For this reporter, it came as quite a shock, that in Vientiane – a city heavily influenced by its south-European heritage – the only pizza-place mentioned in The Lonely Planet is the Swedish Pizza and Baking House. The small but cosy eating place has become a big hit for both locals and foreigners. Actually the place has gained so much popularity in the Lao capital that the owner Daniel Wissmar now opens another restaurant right between the biggest tourist attractions.
When asking the ambitious owner the explanation behind the unlikely Swedish success must be found in a – surprising, but never the less very successful – cocktail of the unique Swedish version of the well-known Italian speciality, a high level of quality and a long-term knowledge of the taste of the Lao.
“In the beginning it was mostly expats and backpackers, who found their way to my pizzeria, but since the rumour of the quality of the pizzas has started to go around among the locals, more and more Laotians come to eat,” Daniel Wissmar says.
Less salt and more bananas, please
According to Daniel Wissmar, the history of the rather strange Italian-Swedish gastronomic fusion can be dated about four decades back in time.
“When the Italian guest-workers came to Sweden in the seventies, they brought along their pizza-recipes and quickly they opened pizza restaurants there. To adjust their food to the Swedish taste they started fusion with some of the Swedish traditions,” he explains.
And that combination seems to be just right for more than just the Swedish people.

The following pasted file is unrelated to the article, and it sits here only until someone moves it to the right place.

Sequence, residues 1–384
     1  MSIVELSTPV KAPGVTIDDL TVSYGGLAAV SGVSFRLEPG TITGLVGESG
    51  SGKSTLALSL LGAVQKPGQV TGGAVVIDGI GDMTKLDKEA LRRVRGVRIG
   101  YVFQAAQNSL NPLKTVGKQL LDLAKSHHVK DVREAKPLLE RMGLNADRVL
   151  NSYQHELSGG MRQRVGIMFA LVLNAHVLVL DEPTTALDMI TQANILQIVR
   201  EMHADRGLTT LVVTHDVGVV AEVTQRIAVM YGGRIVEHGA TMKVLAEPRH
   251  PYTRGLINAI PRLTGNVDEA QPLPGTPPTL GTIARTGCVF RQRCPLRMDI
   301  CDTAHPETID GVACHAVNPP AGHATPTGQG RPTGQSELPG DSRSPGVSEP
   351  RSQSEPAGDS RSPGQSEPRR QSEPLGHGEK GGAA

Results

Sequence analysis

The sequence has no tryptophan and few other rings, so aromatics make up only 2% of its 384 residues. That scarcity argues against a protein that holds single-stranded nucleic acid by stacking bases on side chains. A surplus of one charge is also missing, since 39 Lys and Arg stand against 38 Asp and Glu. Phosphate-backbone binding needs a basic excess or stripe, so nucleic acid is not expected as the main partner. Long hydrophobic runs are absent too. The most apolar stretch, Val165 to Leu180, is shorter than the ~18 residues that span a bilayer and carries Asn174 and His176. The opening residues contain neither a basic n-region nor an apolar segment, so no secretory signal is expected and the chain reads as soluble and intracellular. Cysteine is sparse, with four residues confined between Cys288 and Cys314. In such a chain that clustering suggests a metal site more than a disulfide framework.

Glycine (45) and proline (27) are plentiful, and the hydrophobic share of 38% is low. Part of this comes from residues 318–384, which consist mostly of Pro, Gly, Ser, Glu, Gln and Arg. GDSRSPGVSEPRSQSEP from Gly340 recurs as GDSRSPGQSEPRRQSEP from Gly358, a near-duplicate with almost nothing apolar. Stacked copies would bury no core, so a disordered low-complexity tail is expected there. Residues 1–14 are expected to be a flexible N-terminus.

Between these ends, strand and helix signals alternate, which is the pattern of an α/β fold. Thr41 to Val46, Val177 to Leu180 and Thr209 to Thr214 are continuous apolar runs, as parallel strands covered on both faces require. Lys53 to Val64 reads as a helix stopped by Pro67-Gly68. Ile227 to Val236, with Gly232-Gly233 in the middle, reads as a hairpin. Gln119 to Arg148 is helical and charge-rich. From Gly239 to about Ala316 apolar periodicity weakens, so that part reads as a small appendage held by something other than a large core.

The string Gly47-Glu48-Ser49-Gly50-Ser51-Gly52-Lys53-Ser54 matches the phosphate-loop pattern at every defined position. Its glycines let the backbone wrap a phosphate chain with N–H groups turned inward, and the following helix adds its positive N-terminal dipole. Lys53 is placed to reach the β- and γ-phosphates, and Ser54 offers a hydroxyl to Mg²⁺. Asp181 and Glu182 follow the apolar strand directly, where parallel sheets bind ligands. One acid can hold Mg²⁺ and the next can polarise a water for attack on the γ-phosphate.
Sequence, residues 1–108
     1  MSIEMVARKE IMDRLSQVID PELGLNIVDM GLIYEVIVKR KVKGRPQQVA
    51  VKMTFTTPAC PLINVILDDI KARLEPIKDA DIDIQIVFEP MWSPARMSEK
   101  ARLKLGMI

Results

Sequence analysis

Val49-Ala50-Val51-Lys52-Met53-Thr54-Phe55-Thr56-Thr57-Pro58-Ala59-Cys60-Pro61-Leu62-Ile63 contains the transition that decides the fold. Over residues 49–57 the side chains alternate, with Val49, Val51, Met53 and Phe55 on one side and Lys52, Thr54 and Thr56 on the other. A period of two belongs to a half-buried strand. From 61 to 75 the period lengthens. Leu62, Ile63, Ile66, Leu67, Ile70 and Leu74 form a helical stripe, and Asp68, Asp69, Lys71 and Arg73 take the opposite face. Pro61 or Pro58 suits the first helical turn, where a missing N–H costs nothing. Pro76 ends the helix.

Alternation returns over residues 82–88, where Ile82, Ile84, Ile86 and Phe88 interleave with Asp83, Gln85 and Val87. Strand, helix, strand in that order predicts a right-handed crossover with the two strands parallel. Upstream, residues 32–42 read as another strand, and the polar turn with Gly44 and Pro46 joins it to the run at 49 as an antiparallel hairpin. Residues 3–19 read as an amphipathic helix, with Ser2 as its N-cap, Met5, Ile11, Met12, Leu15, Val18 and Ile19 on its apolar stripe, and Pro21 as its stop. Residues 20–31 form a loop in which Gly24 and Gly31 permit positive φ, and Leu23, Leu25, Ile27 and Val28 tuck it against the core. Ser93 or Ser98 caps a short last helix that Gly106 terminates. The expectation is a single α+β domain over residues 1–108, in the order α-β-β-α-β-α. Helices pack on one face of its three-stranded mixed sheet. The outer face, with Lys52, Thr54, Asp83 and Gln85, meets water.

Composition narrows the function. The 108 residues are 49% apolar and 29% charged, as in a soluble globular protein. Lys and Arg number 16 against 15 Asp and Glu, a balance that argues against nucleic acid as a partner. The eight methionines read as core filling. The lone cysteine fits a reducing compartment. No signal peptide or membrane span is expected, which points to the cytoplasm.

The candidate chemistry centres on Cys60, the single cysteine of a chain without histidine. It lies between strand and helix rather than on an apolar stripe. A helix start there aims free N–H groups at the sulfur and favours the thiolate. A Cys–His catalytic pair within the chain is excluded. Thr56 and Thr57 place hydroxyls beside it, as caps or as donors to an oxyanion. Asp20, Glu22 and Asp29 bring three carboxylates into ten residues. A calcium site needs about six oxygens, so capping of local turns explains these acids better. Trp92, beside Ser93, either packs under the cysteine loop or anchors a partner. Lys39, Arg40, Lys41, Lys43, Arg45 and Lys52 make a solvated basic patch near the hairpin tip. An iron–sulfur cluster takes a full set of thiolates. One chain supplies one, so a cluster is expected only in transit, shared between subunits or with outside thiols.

“Today the Swedish pizzas have developed to a unique version, where you for instance can have banana-topping on the pizza – a combination which also is quite popular here in Laos. The locals also likes the fact that we keep the level of quality as high as possible – in fact most of our ingredients are shipped here from Sweden to give the pizzas the right taste,” Daniel Wissmar ads.
The young Swede has also learned from the Italian/Swedish example and has made some adjustments of the pizzas himself – in order to better suit the taste buds of the Laotian people.
“Our pizzas are less salty than you would make them in Sweden, Laotians do not like their food as salty as we from the western part of the world do,” he says.
Besides pizzas, the restaurant also sells different kinds of bread and cakes, most of them are traditional Scandinavian.
“My personal favourite is the Semla, a traditional seasonal cream bun, which we Swedes eat around Shrovetide,” Daniel Wissmar reveals.
Runs in the family
The plan to open the pizzeria was quite obvious. The urge to open eateries in Vientiane seems to run in the blood of the Wissmar-family.
“My farther, Sune Wissmar, has run the Scandinavian Bakery in the centre of the city for about 15 years now. My family moved to the country in 1992 when I was 16 years old, because my mother got a job on the Swedish embassy here in Vientiane. Doing nothing is not my father’s strongest side, so he opened the bakery,” Daniel Wissmar tells.
After finishing his education on the Swedish school in the city, Daniel Wissmar started to work at his father’s bakery.
“I really like it here Vientiane, it is a fantastic city and even though it is a capital the broad streets and the low buildings give the city a relaxed village-like atmosphere to it. I don’t feel like going back to Sweden. But after a couple of years working with my father I wanted to start something on my own, and because I personally missed a good pizza place, I decided to start one myself,” he ads.
Clearly many other people in Vientiane share that opinion. So many that Daniel Wissmar has now opened a new and bigger pizza-place located in the middle of the tourist walking-zone between some of the greatest attractions of the city.
“My Dad doesn’t like expansions, but I would like to make my restaurants grow as much as possible. Eventually I might even open one or two more pizzerias,” the ambitious ambassador of Swedish pizza in Vientiane smiles.